Police arrest 125 in GTA-wide crackdown
Police say large-scale, co-ordinated early-morning raids involving aimed at two east-end criminal gangs have taken criminals, guns and drugs off the street.
Toronto Police Chief Bill Blair told a news conference on Wednesday that Project Fusion began in the summer of 2008 with an organized crime threat assessment.
"It identified the criminal organizations that posed the greatest threat to our community and our city,' he said. "That threat assessment recognized that the violence perpetuated by criminal street gangs continues to be a concern to all our neighbourhoods and communities, not only in Toronto but across the GTA."
The investigation identified a Durham business as a significant distribution point for guns and drugs, so Toronto partnered up with the Durham Regional Police, he said.
Other law enforcement agencies also became involved.
At 5 a.m., the investigation culminated with raids carried out by more than 1,000 police officers from police services across the province brandishing 161 search warrants (100 for homes, 61 for vehicles). At least 125 people have been arrested, but only 46 remain in custody, he said.
Most of the raids took place in east-end Toronto, around Markham Road and Eglinton Avenue. The raids began at around 5 a.m. and were led by Toronto police's Guns and Gangs Task Force.
Two gangs in particular were targeted: The MNE and the 400 Crew, Blair said.
MNE is an acronym for Markham Road and Eglinton Avenue East, while 400 stands for 400 McCowan Rd., he said.
"Their criminal influence extends well beyond that neighbourhood and into the rest of the city of Toronto and Durham region," he alleged.
Blair alleged the gangs are involved in trafficking guns and drugs, with the investigation identifying 46 members of the two gangs.
"Most significantly, Project Fusion focused on the persons and organizations responsible for the supply of drugs and firearms not only in this part of the city, but throughout the GTA," he said, alleging those suspects are part of a "more sophisticated criminal enterprise" supplying other criminals.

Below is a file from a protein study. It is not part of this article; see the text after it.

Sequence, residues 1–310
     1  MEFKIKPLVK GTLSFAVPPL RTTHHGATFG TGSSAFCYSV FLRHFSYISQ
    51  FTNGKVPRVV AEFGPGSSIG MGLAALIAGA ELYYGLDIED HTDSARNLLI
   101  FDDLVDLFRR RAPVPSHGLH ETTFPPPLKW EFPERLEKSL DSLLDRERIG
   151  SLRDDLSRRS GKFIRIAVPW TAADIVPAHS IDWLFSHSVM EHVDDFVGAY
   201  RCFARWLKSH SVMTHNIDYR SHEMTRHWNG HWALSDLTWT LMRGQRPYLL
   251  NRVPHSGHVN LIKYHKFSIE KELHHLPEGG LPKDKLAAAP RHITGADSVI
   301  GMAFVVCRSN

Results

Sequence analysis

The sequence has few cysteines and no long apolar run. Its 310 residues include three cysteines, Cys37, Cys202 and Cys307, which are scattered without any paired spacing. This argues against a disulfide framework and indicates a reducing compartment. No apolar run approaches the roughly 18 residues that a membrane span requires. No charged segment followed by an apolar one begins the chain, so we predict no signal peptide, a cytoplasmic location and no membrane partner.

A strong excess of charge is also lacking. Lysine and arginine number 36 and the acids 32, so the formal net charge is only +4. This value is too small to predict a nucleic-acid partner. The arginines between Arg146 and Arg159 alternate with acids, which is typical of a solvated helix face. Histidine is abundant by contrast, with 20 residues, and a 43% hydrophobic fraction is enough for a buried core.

Blair said they will only seek to hold the most violent and dangerous offenders without bail. Those charged with lesser offences will get quick bail, he said.
Here is where the search warrants on homes were executed:
- Toronto - 78
- Durham Region - 12
- Peel Region - 5
- York Region - 5
Police seized 40 firearms in the raids:
- 34 handguns,
- two AK-47 assault rifles
- a Cobra 11 machine pistol
- two rifles
- a sawed-off shotgun
- a Taser
- 759 rounds of ammunition
- four bulletproof vests
They also seized the following:
- 42.75 pounds of cocaine, with a street value of $1,940,000
- 64.7 pounds of marijuana with a street value of $588,000
- 30,000 tabs of ecstasy with a street value of $750,000
- 41 grams of Oxycotin, with a street value of $1,700
- 344 grams of crack cocaine, with a street value of $34,400
- $431,340 cash,
- 12 motor vehicles.
Here are some of the charges that have been laid:
- instructing commission of an Offence for criminal organization
- commit criminal Offence in association with a criminal organization
- participate in activities of criminal organization (trafficking drugs)
- participate in activities of criminal organization (trafficking firearms)
- attempted murder
- trafficking in firearms
- conspiracy to traffic in firearms
- possession of prohibited firearm with ammunition
- possession of prohibited firearm
- possession of prohibited weapon
- conspiracy to traffic in illegal drugs
- conspiracy to commit robbery
- possession of proceeds of crime
The raids got noticed in the neighbourhoods.
"There was lots of screaming and yelling," said one young man who lives in the area of one of the raids. "We were scared."
Other local residents said they are now worried about how safe their neighbourhoods are.
"I've lived in this area my whole life and I always thought it was safe but since these drug raids, I don't know anymore," said one man.
With a report by CTV Toronto's Zuraidah Alman